Evidence shows that ‘educated, healthy and skilled adolescent girls will help build a better future, advance social justice, support economic development and combat poverty.’[i]
Pacific Girl demonstrates Pacific approaches to supporting adolescent girls and Australia’s commitment to focus on their needs, rights and opportunities.
Previously managed under the Pacific Women Shaping Pacific Development (Pacific Women) programme, Pacific Girl continues to be funded by Australia and managed through Pacific Women Lead.
Pacific Girl funds projects with selected civil society organisations in six Pacific Island countries:
In the Federated States of Micronesia, Chuuk Women’s Council is reaching marginalised girls through a young women’s empowerment course. With the support of Pacific Girl, the Young Women’s Empowerment Program (YWEP) aims to build the knowledge of 150 marginalised girls, aged 12–17 years, about sexual and mental health, healthy relationships and developing future goals.
In Fiji, the Fiji Women’s Rights Movement (FWRM) Girls Arise program is working with girls aged 10–12 years to build their life skills and confidence. Pacific Girl is enabling FWRM to extend activities to girls outside of the capital Suva, share the organisation’s approach in a toolkit, and raise the profile of girls’ issues with decision makers.
In Papua New Guinea, the Equal Playing Field (EPF) Safe Schools, Strong Communities program seeks to reduce violence by educating girls and boys about the importance of respectful relationships, using sport as an entry point. Pacific Girl assists EPF to reach adolescents in 40 schools (up to 6,000 girls) and work with teachers on establishing Safe Schools Frameworks. The project works with youth facilitators known as ‘Changemakers’ in school and university action groups.
In the Solomon Islands, the Girls Rise Up! project, led by the Young Women’s Christian Association (YWCA) in partnership with CARE Australia, is reaching 200 at-risk girls to develop their confidence, skills and knowledge, and to establish supportive peer networks. Girls are provided with opportunities to safely advocate on issues that affect them, while service providers are engaged to support the needs and priorities of the girls.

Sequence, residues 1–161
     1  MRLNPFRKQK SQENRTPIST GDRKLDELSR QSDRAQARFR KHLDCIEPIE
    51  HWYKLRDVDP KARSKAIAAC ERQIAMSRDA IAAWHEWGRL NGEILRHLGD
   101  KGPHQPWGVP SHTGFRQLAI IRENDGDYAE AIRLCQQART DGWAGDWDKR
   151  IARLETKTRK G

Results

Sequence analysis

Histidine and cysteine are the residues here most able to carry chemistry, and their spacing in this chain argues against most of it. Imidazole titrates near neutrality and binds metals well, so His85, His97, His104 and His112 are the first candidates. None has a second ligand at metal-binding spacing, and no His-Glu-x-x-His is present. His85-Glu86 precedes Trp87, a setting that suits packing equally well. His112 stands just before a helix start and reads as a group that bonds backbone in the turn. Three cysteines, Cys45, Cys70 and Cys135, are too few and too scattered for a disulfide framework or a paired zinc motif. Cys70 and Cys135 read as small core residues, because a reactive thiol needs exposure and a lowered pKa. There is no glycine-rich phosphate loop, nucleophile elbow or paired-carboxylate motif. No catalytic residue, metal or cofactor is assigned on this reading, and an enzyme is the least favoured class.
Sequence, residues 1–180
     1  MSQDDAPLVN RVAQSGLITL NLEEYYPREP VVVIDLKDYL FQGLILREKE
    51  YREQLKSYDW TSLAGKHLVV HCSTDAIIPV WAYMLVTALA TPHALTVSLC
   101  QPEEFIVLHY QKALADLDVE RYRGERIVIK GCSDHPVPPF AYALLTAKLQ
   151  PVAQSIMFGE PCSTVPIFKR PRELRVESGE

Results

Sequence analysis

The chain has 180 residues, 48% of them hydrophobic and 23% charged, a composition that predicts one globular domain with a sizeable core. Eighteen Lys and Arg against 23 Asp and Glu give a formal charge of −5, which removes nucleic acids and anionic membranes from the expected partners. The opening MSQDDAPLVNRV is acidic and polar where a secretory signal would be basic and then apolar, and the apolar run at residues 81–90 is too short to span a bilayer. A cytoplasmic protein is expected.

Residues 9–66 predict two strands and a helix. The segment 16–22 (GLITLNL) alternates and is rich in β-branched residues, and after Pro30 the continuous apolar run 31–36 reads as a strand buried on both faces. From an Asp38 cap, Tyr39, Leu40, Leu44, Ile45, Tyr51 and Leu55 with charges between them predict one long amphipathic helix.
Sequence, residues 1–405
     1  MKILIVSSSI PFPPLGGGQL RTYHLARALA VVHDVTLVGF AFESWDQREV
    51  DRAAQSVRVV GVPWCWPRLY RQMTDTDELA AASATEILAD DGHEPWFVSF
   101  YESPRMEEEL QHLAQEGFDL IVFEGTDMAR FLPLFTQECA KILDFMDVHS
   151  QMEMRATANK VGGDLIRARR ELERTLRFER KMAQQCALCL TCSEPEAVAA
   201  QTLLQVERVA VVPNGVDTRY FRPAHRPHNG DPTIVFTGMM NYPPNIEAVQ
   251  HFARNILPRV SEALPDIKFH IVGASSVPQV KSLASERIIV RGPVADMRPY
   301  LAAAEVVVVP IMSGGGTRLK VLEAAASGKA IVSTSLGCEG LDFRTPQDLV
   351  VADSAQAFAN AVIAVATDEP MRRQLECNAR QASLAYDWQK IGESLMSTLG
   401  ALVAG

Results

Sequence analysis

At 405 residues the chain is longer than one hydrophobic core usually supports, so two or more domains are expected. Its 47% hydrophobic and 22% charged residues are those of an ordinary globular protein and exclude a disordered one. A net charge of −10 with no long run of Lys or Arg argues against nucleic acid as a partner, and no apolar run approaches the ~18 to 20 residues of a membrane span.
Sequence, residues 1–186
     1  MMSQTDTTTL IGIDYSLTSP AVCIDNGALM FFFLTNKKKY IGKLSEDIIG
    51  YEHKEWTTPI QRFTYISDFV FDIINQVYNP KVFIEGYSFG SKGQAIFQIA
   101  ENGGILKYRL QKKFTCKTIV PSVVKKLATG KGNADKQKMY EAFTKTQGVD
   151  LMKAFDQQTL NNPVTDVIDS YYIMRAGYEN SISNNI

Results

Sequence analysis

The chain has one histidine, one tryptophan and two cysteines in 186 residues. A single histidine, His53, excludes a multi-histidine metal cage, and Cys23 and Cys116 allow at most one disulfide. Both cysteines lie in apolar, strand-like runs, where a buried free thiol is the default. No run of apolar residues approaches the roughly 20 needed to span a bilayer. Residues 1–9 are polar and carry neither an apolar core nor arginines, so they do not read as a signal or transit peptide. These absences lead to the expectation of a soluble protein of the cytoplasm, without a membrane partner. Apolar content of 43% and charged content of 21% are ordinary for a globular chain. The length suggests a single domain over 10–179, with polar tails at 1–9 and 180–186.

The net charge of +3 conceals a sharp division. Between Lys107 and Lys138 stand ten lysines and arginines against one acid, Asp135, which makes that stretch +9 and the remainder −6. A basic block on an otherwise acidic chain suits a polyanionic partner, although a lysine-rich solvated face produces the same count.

In Tonga, the Talitha Project’s My Body! My Rights! program is reaching girls aged 10–14 years in four locations around Tonga, including outer islands. The program will improve community perceptions of girls’ value, amplify girls’ voices through creative media, and train girls on health, sex and sexuality education, and self-esteem, and on key issues including climate change, disaster response, and cyberbullying.
In Vanuatu, the CARE ‘Laef blo mi, vois blo mi’ program works with girls aged 12–19 years in rural and remote areas of Tafea Province. Pacific Girl is enabling CARE to extend life skills and respectful relationships education to younger adolescents in schools, including around 800 adolescent girls. The program includes male peers, teachers and families to ensure girls are safe and respected.
The Pacific Girl programme team provides dedicated resources and technical expertise to partners to accelerate the impact of their work and share the learning across the region.
The programme recognises the principle of ‘nothing about us without us’ and seeks to address the underrepresentation of adolescent girls in decisions that affect them. This includes through involving adolescent girls in program design and delivery.
Pacific Girl has been designed by and for adolescent girls:
220 adolescent girls in six countries (Fiji, Papua New Guinea, the Republic of the Marshall Islands, Solomon Islands, Tonga and Vanuatu) participated in focus group discussions, with some recording their thoughts in the Pacific Girls Speak video.
88 people from 16 countries completed an online survey (including 20 under the age of 20).
20 adolescent girls from Fiji, Tonga and Vanuatu participated in the Pacific Girl design workshop, bringing their priorities and solutions to a wide network of stakeholders (35 people from Australia and Pacific Island countries). Some of the adolescent girls wrote and performed a song during the design workshop.
[i] LO, UNESCO, UNFPA, UNICEF, UNIFEM, WHO (2010). ‘Accelerating Efforts to Advance the Rights of Adolescent Girls: A Joint UN Statement’, United Nations.